No younger brother would be able to put up with this situation. No younger brother would be pleased to be disabled in such a manner. Therefore, younger brothers will be silent in the face of their older brother’s potency. They will only speak when the older brother is himself disabled. Thus, younger brothers write the tales of their older brothers only when they fall into disability, and they write as if they possess the qualities of the older brother.

If the older brother was disabled in a tale, the younger brother is the one to have dragged him to safety. Therefore the younger brother possesses the acumen for survival and advancement. If the older brother has turned wicked, or had been prodded to wickedness by Satan or some other force (which might even include the younger brother), then the younger brother becomes the force for good. Rarely does the younger brother himself disable the older brother. Yet the younger brother does always seem to be standing ready to replace him.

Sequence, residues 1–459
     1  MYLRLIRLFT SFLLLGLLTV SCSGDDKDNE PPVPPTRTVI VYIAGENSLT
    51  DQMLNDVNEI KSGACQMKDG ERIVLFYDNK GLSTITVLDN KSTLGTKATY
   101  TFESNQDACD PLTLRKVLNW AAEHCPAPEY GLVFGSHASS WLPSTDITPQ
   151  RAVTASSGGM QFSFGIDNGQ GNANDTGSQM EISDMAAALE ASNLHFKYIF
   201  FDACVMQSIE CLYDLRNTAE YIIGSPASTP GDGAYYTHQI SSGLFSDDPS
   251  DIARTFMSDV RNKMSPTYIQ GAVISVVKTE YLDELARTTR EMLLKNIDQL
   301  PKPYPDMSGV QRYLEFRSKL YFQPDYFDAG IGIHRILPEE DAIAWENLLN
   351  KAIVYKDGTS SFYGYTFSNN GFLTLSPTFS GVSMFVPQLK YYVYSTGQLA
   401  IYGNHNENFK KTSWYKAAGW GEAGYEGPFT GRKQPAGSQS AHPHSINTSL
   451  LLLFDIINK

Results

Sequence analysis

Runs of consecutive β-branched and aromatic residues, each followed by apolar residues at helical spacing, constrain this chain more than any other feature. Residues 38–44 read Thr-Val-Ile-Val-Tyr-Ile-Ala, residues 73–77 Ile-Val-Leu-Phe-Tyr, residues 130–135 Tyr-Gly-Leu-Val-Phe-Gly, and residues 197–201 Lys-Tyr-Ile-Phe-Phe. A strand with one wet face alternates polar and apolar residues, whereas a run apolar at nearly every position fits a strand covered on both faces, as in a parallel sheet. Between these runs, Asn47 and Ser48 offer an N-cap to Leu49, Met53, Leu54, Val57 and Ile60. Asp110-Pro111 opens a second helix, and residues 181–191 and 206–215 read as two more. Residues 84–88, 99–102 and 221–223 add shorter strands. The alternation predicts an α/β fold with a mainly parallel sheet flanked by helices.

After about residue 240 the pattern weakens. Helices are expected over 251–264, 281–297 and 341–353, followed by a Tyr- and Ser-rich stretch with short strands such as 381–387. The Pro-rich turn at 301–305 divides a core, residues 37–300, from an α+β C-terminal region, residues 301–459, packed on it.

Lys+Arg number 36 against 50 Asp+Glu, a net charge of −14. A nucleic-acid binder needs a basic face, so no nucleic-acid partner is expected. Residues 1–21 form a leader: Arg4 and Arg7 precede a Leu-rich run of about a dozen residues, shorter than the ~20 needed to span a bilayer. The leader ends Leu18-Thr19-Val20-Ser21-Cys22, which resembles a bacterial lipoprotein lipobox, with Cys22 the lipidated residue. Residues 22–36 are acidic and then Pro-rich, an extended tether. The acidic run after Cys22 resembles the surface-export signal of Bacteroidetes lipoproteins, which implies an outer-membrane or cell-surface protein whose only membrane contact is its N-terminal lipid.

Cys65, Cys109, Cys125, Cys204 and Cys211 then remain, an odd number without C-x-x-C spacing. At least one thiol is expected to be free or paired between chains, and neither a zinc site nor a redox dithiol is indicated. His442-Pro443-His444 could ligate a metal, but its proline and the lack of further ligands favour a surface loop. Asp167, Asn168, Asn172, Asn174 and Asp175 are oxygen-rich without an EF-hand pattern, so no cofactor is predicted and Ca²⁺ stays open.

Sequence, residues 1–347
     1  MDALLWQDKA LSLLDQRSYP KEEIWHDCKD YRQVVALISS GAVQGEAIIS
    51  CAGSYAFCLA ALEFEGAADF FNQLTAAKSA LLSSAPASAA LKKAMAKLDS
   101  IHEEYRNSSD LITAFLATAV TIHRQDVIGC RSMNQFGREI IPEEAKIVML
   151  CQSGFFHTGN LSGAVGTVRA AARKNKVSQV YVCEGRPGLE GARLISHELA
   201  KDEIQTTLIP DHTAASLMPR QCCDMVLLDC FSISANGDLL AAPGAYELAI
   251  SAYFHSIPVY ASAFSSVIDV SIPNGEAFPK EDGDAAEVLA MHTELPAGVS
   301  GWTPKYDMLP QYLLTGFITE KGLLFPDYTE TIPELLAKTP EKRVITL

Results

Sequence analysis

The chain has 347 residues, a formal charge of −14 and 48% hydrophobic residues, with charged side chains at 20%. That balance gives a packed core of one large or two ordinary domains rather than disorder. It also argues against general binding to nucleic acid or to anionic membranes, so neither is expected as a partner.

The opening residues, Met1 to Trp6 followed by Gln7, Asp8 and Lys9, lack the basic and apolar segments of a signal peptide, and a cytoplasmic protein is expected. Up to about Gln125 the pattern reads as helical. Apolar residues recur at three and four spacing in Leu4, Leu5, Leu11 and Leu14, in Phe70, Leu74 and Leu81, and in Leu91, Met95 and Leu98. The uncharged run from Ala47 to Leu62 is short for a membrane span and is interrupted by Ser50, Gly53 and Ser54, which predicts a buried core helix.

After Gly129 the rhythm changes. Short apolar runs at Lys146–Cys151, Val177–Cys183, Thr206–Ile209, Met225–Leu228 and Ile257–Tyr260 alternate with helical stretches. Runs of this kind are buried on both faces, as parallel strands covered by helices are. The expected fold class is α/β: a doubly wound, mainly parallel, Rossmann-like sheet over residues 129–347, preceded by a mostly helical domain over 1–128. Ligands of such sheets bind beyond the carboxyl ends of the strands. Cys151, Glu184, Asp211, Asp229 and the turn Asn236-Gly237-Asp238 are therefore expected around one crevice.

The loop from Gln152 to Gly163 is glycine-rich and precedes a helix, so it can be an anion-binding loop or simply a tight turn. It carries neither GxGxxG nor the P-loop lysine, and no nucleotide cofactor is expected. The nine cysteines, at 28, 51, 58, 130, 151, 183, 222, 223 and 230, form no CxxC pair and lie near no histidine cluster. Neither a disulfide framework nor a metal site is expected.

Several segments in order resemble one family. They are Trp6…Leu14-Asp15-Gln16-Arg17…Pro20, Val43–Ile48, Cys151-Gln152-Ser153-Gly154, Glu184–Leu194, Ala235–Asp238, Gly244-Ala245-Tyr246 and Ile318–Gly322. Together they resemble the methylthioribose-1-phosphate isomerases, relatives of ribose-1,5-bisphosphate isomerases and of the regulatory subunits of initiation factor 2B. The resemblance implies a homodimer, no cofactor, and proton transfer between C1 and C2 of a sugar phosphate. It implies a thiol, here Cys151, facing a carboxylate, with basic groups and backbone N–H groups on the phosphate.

The disabling of the brother in form or content does not matter. What matters is the occurrence of the literary fact that the older brother has abandoned, or has had wrested from him, the rights and obligations to offer survival and advancement.

The older brother, disabled, is as good a dead. Therefore, the younger brother inherits his status as provider and protector. If there are three brothers, the second brother is disabled as well, generally by the same process, so that the younger brother might inherit the wisdom, skills, and abilities which are implied in primogeniture. Finally, as is frequently the case in folktales, the older brother is disposed of through the ultimate disabling event, death, which is analogous and corollary to the father’s handing of the birthrights to the youngest son.